SNL season premiere is a home run

Gabby Seed

This past weekend, “Saturday Night Live” began its 42nd season with a presidential debate cold open sketch that featured recent Emmy winner Kate McKinnon as Democratic presidential nominee Hillary Clinton and special guest Alec Baldwin as Republican presidential nominee Donald Trump.

McKinnon has played Clinton since taking over the role from comedienne Amy Poehler, who left the variety show in 2008, but this was Baldwin’s first time stepping into Trump’s shoes. SNL’s debate cold opens are always a crowd favorite, with non-regular viewers tuning in to see the sketch or finding it on YouTube later in the week.

The energy in the crowd during this highly anticipated 10-minute sketch was palpable even through the television set; studio audience members reacted audibly to McKinnon’s portrayal of Clinton’s push to be “relatable” and Baldwin’s portrayal of Trump’s frequent interruptions.

This firework of a cold open was followed by Margot Robbie’s deflated opening monologue. The host’s monologue is an unwavering SNL tradition with which I have always found problems.

The monologue is an attempt at comedic stand-up but usually ends up being an awkward sequence of cast members wandering in and out, trying to save the host with their marginally-better jokes. Regardless of whether or not the host for the night is actually a comedian, this formula is used. Consequently, singers and celebrities are forced into a role they simply cannot play.

Despite this setback that seems to plague almost every episode of the show, last weekend’s SNL managed to quickly pick itself up off of the ground. Even after the cold open, much of the 90-minute show clung to a political motif.

Kenan Thompson’s long-running parody of “Family Feud” pitted parodied supporters and family members of Clinton against parodied supporters and family members of Trump. Newcomer Melissa Villaseñor gave us a taste of her skills in impressions, as she played comedienne Sarah Silverman on the Clinton side of the game show parody.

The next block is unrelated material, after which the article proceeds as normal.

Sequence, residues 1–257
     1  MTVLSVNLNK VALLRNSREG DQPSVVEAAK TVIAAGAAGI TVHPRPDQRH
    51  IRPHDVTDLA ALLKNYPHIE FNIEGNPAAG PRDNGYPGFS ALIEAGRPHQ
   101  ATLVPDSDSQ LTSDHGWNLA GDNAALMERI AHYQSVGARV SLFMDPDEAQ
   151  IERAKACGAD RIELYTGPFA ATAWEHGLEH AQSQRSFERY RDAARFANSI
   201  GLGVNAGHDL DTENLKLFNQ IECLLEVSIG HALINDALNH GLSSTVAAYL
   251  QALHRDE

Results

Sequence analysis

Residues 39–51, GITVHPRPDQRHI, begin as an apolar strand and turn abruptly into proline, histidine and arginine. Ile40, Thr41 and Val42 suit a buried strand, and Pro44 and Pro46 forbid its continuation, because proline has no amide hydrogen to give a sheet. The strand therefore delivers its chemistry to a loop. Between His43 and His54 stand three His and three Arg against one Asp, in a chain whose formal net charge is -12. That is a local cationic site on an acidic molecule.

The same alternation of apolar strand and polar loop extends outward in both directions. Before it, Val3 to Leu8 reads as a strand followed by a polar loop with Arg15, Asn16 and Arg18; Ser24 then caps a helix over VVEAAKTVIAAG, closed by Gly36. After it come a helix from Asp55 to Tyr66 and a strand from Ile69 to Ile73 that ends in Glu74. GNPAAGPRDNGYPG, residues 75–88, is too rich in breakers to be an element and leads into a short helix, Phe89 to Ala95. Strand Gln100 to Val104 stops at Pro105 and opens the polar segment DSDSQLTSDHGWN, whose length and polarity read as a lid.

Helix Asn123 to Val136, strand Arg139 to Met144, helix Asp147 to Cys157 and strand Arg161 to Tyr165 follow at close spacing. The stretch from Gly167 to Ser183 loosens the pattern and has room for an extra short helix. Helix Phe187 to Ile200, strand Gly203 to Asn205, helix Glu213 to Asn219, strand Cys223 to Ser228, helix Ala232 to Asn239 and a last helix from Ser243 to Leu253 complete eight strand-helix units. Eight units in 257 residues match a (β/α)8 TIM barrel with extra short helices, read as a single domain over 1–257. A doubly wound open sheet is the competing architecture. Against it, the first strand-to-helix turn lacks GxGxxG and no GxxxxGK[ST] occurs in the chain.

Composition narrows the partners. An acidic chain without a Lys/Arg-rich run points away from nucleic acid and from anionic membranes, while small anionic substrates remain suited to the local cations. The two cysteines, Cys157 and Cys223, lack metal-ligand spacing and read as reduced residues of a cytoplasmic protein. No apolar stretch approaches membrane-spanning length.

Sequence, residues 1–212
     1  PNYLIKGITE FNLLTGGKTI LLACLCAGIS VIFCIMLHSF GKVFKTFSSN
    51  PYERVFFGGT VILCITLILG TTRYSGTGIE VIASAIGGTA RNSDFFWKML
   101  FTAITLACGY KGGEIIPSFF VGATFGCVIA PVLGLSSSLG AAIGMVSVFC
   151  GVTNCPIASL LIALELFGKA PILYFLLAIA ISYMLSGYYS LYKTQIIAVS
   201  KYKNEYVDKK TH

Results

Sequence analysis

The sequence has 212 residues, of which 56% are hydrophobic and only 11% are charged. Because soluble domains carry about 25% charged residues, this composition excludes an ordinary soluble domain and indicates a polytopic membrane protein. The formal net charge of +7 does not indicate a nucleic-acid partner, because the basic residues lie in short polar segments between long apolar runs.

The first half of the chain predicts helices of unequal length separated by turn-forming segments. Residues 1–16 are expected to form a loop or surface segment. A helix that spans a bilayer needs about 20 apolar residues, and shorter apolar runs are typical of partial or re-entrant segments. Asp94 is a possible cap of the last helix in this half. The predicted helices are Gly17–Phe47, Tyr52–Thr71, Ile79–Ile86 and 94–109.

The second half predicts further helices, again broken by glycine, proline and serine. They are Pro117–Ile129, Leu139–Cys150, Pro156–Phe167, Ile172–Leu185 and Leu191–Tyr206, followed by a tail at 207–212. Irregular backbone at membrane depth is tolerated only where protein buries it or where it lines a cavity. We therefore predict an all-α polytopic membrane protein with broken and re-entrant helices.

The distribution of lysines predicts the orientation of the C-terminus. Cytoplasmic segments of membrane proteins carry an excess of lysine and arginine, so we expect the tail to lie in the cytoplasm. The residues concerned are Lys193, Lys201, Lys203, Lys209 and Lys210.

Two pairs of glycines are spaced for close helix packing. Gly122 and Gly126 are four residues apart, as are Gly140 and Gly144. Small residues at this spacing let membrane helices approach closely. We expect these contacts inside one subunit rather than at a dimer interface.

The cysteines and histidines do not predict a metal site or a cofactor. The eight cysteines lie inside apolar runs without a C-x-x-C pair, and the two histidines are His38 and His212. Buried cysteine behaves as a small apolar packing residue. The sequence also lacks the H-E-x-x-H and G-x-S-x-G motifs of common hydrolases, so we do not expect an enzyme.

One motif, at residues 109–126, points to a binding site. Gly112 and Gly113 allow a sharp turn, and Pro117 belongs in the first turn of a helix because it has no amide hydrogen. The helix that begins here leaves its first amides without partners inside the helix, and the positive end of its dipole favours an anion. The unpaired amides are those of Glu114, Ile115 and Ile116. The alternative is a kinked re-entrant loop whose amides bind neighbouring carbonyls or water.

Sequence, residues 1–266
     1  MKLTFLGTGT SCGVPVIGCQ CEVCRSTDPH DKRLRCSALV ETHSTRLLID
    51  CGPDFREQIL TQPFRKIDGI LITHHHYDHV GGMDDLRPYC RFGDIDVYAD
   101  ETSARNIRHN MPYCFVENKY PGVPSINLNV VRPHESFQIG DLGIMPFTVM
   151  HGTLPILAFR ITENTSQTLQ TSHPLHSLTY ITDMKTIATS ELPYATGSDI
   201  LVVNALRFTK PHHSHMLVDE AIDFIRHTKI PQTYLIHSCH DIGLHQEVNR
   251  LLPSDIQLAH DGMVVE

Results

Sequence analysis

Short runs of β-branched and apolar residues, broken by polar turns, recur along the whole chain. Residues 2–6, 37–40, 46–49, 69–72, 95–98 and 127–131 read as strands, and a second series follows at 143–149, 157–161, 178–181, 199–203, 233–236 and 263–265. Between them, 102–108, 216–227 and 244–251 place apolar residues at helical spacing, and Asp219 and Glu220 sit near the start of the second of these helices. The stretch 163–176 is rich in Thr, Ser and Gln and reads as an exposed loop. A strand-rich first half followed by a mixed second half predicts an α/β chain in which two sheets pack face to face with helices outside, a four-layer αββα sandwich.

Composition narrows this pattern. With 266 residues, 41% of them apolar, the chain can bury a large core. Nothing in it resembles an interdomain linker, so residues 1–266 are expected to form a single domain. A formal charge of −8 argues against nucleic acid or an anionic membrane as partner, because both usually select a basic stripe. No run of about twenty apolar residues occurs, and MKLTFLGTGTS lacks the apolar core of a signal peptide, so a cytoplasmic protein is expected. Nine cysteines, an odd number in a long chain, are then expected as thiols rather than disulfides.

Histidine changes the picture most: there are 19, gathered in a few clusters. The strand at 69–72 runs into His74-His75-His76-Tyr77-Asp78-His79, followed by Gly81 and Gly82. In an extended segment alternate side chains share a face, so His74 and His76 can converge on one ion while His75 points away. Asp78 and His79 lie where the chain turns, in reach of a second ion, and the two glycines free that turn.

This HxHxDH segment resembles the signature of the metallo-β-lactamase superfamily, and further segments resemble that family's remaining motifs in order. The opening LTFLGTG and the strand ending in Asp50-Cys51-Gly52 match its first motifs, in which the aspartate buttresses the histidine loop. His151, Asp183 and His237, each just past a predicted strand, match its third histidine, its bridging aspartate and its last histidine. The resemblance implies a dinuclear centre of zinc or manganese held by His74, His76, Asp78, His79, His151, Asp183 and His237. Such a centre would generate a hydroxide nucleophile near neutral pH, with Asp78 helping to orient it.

Villaseñor captured Silverman’s nasally tone and cackle-like laugh. She is SNL’s first Latina cast member, but this milestone has unfortunately been overshadowed by Villaseñor’s recent purge of racist tweets she had posted in the past. However, Villaseñor and her cast mates’ impressions paled in comparison compared to that of Kate McKinnon, who tackled the persona of Trump’s campaign manager, Kellyanne Conway.

Popular segment “Weekend Update”, which stars Michael Che and Colin Jost as news reporters, also focused on the current political atmosphere, but was broken up by the lightheartedness of Cecily Strong’s recurring character, Cathy Anne. This week, Cathy Anne was unsure of who she should vote for, garnering laughs when she referred to President Barack Obama as “Robama,” Melania Trump as “Nelamia,” and Ivanka Trump as “Kivana.”

Cathy Anne, like many other SNL characters and sketches, offers comedic relief in an election season where Americans are truly fearful about the future of their country. We are inundated daily with posts, tweets, news segments and newspaper clippings swaying us one way or the other, but just five weeks out from the election, it’s clear that it’s time for a break.

SNL provides the opportunity to find at least a little humor in this crazy election year.

Gabby Seed is a columnist, contact her at [email protected].